Nietzsche opens with the suggestion that our knowledge relies on a simplification of the truth that makes it expressible in language and understandable to all. Essentially, then, our will to knowledge is built upon, and is even a refinement of, our will to ignorance. Philosophers most of all should not pose as defenders of truth or knowledge. The "truths" of philosophers are just their prejudices, and no philosopher has even been "proved" right. Philosophers are at their best when they are questioning themselves and freeing their spirits from their prejudices.

The "free spirits" among us thrive on isolation and independence, though this is a difficult and dangerous life to follow. On one's own, one faces unknown dangers that no one else will understand. One's successes and failures are entirely one's own and cannot be shared. The thoughts of these free spirits are liable to be misinterpreted and dangerously misunderstood by lesser people. Still, free spirits devoted to knowledge will commit themselves to forgoing their independence and mingling with others. In terms of knowledge, the rule is more interesting than the exception.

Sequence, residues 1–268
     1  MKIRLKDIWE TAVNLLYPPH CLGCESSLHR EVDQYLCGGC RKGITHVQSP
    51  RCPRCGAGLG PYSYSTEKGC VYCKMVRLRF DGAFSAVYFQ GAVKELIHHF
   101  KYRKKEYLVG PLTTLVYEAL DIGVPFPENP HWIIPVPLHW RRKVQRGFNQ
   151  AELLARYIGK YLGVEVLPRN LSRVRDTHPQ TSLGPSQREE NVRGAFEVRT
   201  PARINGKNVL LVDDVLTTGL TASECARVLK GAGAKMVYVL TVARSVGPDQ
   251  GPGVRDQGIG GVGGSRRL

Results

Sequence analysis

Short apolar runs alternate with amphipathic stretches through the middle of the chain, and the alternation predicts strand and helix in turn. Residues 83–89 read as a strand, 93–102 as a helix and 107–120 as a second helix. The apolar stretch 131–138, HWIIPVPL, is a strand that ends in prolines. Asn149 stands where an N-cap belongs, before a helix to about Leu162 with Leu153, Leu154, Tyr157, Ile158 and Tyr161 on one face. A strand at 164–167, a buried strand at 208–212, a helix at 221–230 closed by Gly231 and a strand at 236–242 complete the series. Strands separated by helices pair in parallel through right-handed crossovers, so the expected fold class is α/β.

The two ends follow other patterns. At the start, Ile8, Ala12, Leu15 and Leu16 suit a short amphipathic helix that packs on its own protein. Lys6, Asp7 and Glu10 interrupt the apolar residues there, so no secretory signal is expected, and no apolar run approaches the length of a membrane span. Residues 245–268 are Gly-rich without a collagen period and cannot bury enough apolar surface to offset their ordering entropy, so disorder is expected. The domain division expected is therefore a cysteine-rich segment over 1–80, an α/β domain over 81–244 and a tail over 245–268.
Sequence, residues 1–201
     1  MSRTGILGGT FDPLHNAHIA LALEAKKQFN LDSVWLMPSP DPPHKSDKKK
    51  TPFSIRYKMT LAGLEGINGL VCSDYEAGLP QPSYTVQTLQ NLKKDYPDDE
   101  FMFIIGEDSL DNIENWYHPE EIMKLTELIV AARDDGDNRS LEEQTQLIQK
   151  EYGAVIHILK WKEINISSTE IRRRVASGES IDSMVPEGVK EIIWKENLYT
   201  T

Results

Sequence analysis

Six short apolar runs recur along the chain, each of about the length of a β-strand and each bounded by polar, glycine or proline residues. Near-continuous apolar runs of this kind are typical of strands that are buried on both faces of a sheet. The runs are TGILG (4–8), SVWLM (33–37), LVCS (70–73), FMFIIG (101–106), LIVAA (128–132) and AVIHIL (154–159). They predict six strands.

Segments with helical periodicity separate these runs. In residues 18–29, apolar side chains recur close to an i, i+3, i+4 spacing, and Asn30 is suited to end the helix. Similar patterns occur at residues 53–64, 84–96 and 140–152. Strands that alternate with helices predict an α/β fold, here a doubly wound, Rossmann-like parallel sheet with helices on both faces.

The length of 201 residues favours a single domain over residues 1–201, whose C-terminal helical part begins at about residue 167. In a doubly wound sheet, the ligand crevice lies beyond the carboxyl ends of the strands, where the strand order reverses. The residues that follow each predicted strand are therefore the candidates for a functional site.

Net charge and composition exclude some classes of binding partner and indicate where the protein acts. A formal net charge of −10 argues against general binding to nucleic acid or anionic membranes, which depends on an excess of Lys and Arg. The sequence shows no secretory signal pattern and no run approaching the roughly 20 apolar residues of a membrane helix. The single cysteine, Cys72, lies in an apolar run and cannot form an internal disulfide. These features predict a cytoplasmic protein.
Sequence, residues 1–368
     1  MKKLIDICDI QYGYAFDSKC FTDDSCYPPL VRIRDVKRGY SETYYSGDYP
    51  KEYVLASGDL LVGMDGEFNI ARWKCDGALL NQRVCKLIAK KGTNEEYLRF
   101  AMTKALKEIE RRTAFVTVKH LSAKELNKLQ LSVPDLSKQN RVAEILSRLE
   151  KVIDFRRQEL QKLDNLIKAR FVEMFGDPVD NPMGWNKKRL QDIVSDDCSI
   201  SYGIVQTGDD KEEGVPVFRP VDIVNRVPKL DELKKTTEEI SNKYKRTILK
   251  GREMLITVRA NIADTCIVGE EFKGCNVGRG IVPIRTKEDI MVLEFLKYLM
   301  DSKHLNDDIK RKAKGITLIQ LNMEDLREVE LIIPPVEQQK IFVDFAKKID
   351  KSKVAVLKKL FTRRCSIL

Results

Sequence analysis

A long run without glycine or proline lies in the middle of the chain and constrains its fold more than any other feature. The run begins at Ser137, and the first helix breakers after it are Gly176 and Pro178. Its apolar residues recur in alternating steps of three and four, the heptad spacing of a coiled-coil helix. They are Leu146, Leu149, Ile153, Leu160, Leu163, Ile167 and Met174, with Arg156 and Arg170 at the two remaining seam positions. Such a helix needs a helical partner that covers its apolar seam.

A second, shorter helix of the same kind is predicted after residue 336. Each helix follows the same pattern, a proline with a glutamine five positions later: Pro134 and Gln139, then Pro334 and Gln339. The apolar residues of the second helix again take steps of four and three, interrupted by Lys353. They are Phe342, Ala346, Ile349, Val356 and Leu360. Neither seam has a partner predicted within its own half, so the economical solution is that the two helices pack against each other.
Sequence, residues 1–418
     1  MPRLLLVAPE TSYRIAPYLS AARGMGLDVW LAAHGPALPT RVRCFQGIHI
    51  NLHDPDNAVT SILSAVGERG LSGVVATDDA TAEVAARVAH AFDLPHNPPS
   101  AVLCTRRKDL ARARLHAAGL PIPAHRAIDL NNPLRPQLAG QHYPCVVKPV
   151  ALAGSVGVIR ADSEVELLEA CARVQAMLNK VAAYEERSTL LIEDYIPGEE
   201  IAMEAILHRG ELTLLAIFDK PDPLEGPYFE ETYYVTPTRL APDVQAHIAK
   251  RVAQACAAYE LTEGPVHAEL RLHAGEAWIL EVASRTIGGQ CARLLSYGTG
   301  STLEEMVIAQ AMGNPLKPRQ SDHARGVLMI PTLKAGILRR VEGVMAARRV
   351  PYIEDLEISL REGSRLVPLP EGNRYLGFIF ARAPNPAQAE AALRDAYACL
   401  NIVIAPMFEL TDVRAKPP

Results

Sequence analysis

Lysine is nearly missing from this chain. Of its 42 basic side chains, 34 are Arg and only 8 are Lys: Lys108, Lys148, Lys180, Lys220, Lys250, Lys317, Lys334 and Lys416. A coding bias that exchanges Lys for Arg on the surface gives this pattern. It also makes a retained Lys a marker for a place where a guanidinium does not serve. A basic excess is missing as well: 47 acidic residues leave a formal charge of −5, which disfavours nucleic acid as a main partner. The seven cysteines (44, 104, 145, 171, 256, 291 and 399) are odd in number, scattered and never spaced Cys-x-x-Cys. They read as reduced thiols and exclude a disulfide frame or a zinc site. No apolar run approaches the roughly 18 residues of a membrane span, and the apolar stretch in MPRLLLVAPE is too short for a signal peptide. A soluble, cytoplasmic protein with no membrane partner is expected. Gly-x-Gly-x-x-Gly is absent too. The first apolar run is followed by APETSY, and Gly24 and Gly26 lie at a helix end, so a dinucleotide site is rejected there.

Nietzsche draws a brief contrast between "pre-moral" societies where the value of an action is found in its consequences, and modern, "moral" societies where the value of an action is found in its origin. Today, we praise or blame an action primarily based on its motives. Nietzsche identifies in this an advance over the "pre-moral" valuation since this "moral" worldview places an emphasis on self- knowledge. However, he also looks beyond our "moral" world to an "extra- moral" world that recognizes that the true value of an action lies beneath the conscious level in the unintentional drives that motivate it. We need to "overcome" morality, recognizing that the intentions and motives for actions are just the surface of a far more complex set of drives that need to be uncovered and analyzed.